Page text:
May 2011 archive

2004: A VMware Odyssey

VMware products have come a long way since the mid-2000s. Back then, virtualization was more of a niche technology with a cult following.

Today server virtualization has become ubiquitous, and VMware products dominate the market. The company has capitalized on this success and now offers other data center platforms, tools and services. Currently, VMware is making a concerted push into the cloud-computing market with products and initiatives such as vCloud Director, VMforce and Cloud Foundry.

Recently VMware has enjoyed record growth, as demonstrated by its recent acquisitions and Q1 revenue. To trace the company’s success, let’s review its recent milestones, product launches and initiatives. We’ll start in 2004, with the first VMworld conference.

In the Beginning: VMworld 2004

The first VMworld had 1,400 attendees — which isn’t bad, but far less than the 17,000 attendees in 2010. Over the past seven years, VMworld attendance has increased dramatically, which reflects the growing popularity of virtualization (see Table 1).

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Oracle VM VirtualBox 4: An overview

Oracle VM VirtualBox is a hosted virtualization product along the lines of VMware Player, Workstation and Fusion and Microsoft Virtual PC. But VirtualBox has some unique features and use cases of interest to server virtualization admins.

Oracle VM VirtualBox is a lightweight application that allows you to run virtual machines (VMs) on a variety of host operating systems. Following Oracle’s acquisition of Sun Microsystems, VirtualBox was officially renamed Oracle VM VirtualBox, and in February 2011, the company released version 4.0.4. VirtualBox is free and open source, but there’s also a free, closed source extension pack available with additional VirtualBox features.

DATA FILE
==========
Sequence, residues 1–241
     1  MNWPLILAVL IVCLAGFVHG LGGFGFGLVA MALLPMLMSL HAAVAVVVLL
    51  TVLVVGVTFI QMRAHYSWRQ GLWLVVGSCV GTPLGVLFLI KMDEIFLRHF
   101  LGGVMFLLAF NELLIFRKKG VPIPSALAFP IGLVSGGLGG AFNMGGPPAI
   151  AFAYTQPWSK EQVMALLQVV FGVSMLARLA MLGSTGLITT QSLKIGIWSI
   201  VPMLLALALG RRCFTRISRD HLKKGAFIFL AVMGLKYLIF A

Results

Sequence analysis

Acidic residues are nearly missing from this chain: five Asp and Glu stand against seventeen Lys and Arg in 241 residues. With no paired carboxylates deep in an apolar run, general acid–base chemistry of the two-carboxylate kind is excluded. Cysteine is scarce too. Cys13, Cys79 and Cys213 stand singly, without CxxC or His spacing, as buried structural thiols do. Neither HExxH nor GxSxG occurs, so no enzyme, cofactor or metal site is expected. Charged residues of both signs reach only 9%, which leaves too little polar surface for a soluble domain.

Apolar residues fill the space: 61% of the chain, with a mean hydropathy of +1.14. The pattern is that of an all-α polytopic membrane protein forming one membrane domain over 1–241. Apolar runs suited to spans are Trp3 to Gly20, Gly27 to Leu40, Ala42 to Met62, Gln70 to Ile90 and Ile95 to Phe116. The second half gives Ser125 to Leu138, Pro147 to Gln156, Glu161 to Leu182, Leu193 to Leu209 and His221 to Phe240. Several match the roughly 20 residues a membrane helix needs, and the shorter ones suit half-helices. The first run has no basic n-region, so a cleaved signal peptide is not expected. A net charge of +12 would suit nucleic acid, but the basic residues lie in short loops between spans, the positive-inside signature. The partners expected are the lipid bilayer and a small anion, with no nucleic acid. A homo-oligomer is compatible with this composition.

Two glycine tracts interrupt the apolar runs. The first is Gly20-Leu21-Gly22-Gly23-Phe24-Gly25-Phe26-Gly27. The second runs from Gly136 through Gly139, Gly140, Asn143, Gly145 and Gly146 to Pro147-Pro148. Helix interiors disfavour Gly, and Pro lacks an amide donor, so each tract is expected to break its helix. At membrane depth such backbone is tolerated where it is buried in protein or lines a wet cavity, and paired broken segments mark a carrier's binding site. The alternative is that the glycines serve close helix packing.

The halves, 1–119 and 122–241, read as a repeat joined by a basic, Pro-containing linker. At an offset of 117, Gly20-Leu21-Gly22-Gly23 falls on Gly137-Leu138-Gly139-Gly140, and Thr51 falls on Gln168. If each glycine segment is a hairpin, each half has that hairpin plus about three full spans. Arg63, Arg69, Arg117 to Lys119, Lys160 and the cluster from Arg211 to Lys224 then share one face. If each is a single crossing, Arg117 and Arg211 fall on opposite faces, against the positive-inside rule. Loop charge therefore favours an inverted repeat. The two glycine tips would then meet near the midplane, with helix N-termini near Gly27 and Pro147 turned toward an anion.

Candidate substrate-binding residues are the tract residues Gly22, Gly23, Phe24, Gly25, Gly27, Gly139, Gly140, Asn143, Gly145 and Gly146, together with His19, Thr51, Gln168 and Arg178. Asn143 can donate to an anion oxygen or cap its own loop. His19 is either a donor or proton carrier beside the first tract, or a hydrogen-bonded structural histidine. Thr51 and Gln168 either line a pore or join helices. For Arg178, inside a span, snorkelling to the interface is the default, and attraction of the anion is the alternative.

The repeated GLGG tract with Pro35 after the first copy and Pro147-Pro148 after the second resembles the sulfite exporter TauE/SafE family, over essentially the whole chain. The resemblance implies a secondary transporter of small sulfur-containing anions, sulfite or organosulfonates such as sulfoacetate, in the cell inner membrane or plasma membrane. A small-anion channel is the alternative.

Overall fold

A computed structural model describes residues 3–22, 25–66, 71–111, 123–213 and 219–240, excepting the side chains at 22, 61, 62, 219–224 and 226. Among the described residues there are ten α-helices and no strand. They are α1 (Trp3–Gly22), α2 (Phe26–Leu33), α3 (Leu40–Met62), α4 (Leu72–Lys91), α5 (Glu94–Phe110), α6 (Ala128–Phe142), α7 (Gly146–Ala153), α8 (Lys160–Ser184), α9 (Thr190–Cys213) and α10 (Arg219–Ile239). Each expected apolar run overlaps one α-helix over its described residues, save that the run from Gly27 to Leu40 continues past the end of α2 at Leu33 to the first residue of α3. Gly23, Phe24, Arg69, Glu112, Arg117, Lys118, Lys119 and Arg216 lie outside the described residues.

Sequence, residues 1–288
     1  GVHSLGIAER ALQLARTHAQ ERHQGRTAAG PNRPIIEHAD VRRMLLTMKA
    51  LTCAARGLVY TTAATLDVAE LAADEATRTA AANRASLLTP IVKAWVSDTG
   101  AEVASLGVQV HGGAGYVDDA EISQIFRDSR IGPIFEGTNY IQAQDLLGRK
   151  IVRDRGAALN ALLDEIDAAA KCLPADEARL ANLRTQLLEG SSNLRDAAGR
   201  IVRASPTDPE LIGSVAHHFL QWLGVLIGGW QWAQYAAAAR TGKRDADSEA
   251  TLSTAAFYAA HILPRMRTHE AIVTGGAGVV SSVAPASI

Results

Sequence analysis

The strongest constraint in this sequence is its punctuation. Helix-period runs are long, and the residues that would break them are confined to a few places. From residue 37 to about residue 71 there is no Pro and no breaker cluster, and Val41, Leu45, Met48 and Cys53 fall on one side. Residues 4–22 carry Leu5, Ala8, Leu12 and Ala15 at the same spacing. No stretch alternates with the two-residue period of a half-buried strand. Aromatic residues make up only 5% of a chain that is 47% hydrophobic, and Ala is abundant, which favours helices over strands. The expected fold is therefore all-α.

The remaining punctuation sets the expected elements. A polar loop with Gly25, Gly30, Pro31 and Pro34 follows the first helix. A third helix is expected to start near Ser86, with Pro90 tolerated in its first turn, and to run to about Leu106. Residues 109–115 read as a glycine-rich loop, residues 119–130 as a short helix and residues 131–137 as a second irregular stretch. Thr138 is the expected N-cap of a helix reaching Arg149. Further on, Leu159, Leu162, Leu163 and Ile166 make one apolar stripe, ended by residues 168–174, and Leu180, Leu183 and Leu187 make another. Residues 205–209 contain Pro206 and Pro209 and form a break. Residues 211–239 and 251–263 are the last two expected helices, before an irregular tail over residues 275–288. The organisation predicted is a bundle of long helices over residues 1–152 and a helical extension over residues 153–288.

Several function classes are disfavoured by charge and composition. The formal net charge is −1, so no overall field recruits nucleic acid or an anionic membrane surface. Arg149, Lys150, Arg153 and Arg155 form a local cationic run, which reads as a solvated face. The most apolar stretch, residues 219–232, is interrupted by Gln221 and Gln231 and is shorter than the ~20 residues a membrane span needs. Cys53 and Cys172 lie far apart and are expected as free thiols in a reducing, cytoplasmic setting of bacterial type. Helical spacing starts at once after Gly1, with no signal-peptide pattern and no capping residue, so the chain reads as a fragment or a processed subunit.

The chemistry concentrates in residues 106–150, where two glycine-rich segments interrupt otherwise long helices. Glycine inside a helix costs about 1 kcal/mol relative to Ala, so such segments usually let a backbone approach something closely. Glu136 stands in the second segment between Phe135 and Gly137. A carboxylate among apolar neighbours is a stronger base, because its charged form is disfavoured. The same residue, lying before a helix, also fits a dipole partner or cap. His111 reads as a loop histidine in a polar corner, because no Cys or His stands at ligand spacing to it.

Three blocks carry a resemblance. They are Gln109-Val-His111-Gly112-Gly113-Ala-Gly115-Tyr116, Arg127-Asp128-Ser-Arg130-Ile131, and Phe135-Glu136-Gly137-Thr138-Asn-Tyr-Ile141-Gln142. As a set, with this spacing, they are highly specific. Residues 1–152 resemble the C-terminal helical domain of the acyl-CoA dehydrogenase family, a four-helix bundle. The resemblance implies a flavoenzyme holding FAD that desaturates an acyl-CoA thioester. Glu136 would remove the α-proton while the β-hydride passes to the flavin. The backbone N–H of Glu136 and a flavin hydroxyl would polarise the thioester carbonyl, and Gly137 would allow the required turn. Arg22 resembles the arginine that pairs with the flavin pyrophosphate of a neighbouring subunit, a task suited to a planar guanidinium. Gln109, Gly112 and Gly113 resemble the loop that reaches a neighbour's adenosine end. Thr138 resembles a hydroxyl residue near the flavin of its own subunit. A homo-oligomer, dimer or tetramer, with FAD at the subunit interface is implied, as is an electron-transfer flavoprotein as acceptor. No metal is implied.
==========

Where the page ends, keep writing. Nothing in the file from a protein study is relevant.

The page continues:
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The importance of a vSphere health check to VARs

Your customer’s vSphere environment may seem healthy enough at first glance, but external appearances can be deceiving. Hidden problems may lurk under the cover that can eventually cause the environment to become unhealthy.

Not all problems that can occur are obvious to VARs because virtualization is much more complicated than traditional computing environments. There are many more moving parts that can lead to more complications. Seemingly trivial things such as simple configuration settings can have a ripple effect on the environment if they aren’t set correctly. Virtualization is all about sharing a limited set of resources amongst many virtual machines (VMs) and ensuring the optimum performance and availability you need to ensure the environment stays healthy.

A vSphere environment health check is one of the most valuable services that you can offer to customers because vSphere needs constant maintenance to keep it operating efficiently and problem-free. A good health check should be done on a periodic basis and is similar to a home inspection in that it documents the environment and checks the many different vSphere components to identify any existing or potential problems that can occur. Health check results can also be used to identify potential optimization and performance improvement opportunities that VARs can turn into value-adds.

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